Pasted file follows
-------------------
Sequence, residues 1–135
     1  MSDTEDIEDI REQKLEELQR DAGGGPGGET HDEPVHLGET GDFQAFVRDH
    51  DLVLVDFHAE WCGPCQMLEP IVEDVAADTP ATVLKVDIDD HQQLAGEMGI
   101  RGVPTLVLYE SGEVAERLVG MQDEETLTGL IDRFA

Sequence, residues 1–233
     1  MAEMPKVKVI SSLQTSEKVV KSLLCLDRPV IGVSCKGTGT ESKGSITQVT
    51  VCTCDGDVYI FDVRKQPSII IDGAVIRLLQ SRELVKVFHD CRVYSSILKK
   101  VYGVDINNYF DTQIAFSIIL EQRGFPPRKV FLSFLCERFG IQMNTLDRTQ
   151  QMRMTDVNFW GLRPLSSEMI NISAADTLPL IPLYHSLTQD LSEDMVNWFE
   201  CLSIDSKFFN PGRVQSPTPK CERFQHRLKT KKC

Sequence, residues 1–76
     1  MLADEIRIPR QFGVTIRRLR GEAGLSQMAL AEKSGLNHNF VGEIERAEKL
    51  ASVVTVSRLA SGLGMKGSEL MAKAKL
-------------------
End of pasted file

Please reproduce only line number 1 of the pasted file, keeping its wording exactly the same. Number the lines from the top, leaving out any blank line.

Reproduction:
Sequence, residues 1–135